Actually it’s just like demos we’ve been doing in our rehearsal studio. We’ve been recording ’em ourselves. When we first started writing and recording, we didn’t even have the EP mindset. It was just pre-production that we were gonna shop around because we’re free from our contract from our old label. We have this awesome freedom that we’ve never had before, so we got the idea, “Let’s just give our fans some music,” so that’s where it came from. We’re just taking advantage of the fact that we can go straight to our fans with the music, and there’s nothing in between, watering it down or anything. The EPs are pretty much just us being like, “Screw it, let’s just give the music to our fans.” [LAUGHS]

How do you feel that HiFi will differ from the EPs?

Obviously there will be some of the same songs from the EPs since these are demo versions, but when we go to work with a producer, I’m sure they’ll change a little bit. Hopefully they’ll be better. Then we’re still writing, so even after the third EP we release, there’s gonna be a lot more songs that people haven’t heard.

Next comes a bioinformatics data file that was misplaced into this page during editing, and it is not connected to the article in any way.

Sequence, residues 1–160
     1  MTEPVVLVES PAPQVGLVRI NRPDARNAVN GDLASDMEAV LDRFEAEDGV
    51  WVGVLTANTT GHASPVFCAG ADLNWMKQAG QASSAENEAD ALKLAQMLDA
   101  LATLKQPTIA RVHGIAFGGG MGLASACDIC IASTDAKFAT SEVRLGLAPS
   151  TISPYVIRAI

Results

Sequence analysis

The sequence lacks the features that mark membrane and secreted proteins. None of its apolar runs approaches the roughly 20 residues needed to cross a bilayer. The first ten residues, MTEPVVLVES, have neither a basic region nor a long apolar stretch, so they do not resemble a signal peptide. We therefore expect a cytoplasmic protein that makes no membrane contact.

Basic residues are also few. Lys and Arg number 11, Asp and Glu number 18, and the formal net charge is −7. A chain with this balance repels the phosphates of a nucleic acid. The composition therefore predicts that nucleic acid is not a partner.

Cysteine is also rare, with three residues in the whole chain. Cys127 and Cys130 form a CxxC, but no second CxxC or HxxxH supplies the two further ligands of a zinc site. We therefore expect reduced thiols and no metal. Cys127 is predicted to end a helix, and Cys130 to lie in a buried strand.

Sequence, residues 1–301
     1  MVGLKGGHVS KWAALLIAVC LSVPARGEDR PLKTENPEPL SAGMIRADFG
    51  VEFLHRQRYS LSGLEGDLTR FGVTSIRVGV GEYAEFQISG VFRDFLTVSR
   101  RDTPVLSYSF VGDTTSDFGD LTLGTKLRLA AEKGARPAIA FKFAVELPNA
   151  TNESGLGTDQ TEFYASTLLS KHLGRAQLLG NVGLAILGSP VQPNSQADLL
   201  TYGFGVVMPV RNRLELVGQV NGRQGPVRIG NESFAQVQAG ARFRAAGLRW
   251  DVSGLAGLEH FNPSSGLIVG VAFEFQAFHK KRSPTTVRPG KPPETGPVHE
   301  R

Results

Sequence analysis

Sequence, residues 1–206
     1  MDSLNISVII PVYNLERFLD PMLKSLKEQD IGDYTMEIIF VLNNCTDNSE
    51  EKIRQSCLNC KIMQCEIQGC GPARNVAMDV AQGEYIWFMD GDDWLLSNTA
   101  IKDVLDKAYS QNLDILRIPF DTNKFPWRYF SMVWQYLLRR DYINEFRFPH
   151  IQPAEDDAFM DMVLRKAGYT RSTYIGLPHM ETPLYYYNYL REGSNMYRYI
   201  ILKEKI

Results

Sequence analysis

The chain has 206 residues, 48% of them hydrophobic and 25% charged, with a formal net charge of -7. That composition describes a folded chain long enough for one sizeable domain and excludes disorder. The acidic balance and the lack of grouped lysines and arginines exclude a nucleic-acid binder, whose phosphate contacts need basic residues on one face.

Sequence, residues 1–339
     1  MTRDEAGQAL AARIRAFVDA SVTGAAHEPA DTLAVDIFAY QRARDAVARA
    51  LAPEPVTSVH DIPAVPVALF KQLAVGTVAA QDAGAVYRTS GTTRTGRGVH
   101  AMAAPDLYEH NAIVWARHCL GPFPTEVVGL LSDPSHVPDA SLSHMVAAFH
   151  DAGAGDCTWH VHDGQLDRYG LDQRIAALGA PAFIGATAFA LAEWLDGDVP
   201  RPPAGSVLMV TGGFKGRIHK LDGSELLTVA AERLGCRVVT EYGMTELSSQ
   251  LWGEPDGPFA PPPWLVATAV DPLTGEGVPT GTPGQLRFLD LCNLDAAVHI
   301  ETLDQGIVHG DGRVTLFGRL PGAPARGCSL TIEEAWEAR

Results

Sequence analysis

You guys have worked with Michael Beinhorn and Tim Patalan on previous releases as the producer. Do you guys have a producer in mind for the HiFi album?

As of now we don’t. We’re just playing that by ear, just writing the best songs we can right now by ourselves. Then we’re shopping the labels, and hopefully we’ll get picked up. After that, depending on what label we get signed to, we’ll determine the producer. I love Michael Beinhorn. [LAUGHS] I wasn’t in the band when we worked with Tim Patalan, but it was an awesome experience with Beinhorn, and we really looked up to that guy, to what he’s done. I have no clue who we’re gonna work with next.